On The Money: Pension Proposal Triggers War
Don't Miss This
Get Breaking News First
SACRAMENTO (CBS13) — The battle over public pensions escalated today into a full scale war. One group, California Pension Reform, is willing to spend millions of dollars to change pensions forever. And the $100,000 Pension Club is framing the debate.
There are now 12,199 names on the list of retired government workers collecting six-figure pensions for life. That’s a jump of 34% compared to last year’s total of 9,111. But that may change with a pension reform measure that could be heading to the ballot next year.
“California faces at least a $240 billion unfunded liability,” stated Dan Pellissier, the president of California Pension Reform.
Pension reform advocates in California admit they are using Texas oil money to raise $3 million for a pension overhaul. For California government workers – it is war.
David Low of Californians for Retirement Security warned, “We’ll be opposing this initiative with everything we have.” Low told CBS 13, “Anybody who decides they want to back this initiative will become Public Enemy number 1 for our organizations.”
The pension reform initiatives are actually constitutional amendments that would require voter approval. They call for raising the retirement age to 67 for most workers and 58 for police and firefighters. One of the proposals would place a cap on pensions at $100,000 a year. And the reform measures would put an end to pension spiking by calculating benefits on a 3-year average instead of using the highest salary from one year. Government workers would also pay more towards their own pensions – benefits that critics say are too generous.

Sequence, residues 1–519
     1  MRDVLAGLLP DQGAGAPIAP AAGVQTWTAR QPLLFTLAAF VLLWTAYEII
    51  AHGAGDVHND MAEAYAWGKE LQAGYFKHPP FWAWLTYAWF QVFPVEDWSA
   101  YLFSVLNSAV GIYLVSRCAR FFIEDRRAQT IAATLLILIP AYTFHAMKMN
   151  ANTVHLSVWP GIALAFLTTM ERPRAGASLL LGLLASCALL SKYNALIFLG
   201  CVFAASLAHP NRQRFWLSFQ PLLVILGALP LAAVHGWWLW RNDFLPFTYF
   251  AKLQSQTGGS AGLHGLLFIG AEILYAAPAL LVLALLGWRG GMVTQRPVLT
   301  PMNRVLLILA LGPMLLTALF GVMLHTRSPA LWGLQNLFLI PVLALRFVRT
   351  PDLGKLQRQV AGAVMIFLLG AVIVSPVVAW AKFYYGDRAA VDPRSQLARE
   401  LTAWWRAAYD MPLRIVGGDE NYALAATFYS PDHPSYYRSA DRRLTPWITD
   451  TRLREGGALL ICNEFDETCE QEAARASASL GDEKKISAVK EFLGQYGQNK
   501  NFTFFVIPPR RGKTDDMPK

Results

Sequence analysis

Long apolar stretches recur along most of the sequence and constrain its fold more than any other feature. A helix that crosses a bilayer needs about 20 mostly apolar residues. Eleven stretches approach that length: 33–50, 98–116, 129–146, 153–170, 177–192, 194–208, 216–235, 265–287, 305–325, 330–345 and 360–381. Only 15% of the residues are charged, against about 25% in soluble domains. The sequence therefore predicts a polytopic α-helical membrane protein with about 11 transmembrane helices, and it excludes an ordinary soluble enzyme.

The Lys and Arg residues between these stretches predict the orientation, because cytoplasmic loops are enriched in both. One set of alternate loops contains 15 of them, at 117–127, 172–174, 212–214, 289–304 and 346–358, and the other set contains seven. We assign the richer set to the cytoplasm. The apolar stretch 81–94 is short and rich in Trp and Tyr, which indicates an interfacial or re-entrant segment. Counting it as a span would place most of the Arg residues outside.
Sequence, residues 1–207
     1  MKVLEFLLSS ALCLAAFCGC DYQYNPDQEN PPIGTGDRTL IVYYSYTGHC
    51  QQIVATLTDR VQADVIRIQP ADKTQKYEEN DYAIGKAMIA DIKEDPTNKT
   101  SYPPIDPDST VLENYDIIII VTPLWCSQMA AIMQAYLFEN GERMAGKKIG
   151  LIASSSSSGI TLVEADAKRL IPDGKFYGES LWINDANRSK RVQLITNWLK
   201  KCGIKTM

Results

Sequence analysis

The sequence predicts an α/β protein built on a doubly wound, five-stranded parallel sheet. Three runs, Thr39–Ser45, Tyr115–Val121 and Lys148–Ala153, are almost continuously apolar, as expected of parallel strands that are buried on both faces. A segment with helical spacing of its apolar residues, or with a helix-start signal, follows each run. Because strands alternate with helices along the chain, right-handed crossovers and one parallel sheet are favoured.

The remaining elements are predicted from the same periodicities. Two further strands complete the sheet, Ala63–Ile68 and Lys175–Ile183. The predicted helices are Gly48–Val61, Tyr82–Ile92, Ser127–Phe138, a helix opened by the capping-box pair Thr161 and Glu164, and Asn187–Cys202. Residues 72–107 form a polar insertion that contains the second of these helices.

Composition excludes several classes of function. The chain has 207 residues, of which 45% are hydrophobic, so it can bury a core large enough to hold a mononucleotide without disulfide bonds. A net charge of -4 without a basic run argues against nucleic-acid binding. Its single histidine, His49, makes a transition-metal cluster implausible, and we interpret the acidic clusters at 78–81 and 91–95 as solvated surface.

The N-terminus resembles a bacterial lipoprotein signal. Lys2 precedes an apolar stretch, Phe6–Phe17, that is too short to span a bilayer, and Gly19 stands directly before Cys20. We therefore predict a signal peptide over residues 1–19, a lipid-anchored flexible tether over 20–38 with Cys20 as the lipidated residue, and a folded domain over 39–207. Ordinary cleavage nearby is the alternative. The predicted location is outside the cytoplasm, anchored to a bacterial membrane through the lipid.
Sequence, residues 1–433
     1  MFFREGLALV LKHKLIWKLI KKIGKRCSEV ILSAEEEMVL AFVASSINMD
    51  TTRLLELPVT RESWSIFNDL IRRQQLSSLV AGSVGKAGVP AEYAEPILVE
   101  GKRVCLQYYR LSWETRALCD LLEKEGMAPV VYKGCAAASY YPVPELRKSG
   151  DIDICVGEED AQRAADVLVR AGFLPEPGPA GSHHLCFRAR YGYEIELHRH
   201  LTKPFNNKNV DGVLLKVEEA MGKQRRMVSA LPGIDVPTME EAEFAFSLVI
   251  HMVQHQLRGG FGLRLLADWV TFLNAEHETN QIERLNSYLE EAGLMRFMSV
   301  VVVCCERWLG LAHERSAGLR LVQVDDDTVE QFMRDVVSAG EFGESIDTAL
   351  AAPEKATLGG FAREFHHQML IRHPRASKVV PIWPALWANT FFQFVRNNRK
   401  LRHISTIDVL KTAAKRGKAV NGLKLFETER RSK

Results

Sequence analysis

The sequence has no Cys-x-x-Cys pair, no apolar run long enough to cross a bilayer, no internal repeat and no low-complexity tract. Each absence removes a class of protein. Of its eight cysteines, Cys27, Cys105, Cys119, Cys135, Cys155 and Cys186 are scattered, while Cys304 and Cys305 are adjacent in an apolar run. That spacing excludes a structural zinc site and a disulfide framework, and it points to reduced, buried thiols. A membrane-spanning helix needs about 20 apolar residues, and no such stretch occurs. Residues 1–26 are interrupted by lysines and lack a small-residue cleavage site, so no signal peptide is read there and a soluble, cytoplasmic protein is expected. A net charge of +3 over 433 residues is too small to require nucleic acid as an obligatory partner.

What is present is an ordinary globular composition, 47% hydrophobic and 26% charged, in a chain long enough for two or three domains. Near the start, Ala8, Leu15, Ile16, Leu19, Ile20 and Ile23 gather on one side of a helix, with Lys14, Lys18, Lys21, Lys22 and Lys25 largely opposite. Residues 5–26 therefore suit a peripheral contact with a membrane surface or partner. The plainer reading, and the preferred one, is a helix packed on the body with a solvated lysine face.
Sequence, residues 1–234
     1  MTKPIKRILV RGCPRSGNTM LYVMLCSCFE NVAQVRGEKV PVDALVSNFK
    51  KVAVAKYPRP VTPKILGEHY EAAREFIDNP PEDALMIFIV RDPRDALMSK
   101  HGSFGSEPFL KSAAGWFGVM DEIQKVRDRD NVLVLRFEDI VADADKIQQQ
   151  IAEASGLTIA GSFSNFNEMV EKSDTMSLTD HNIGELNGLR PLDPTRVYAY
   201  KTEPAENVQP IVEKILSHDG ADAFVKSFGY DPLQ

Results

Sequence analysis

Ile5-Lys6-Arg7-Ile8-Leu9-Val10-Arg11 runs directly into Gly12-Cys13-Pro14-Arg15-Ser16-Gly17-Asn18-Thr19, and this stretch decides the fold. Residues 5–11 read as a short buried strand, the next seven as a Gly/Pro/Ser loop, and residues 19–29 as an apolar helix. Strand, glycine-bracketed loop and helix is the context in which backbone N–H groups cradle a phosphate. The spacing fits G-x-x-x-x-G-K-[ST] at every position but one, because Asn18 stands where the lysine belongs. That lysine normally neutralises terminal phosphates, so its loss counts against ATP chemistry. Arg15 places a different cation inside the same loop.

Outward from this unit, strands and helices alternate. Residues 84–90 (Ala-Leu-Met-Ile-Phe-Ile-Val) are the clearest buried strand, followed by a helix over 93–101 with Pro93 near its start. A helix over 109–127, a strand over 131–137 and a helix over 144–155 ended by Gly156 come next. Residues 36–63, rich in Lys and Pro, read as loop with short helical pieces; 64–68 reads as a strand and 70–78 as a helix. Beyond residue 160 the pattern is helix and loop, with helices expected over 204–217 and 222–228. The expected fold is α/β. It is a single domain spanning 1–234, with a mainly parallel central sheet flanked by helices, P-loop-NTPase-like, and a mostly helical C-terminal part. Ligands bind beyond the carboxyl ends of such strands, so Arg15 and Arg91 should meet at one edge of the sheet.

“That really doesn’t make sense in the long run to have the public servants making more than the people who are paying their salaries,” said Mike Genest of California Pension Reform.
Public employees say they’ll fight any proposal that cuts their benefits.
David Low told CBS 13, “Current employees would be getting anywhere from 30 to 60% less in their retirement under this proposal and it’s been decided that that’s unconstitutional and illegal.”
In response, Dan Pellissier stated, “We have to fix California’s pensions in order to save our state’s finances.”
Pellissier said his initiatives go much further towards true pension reform than the plan issued last week by Governor Jerry Brown. Pellissier explained his plan would affect current employees, as opposed to those hired in the future, as a way of reducing the state’s massive unfunded liability.
Meanwhile, Governor Brown defended his 12-point pension plan today and issued this statement from press secretary Gil Duran:
“Last week, Governor Brown laid out the best and most realistic plan for achieving significant pension reform. He will first focus his efforts on working with the legislature to enact these proposals to reduce taxpayer risk and cost while providing a fair retirement benefit to employees. This solid plan will reduce taxpayer costs by billions of dollars, raise the retirement age and end abuses like pension spiking and purchasing ‘air time.’”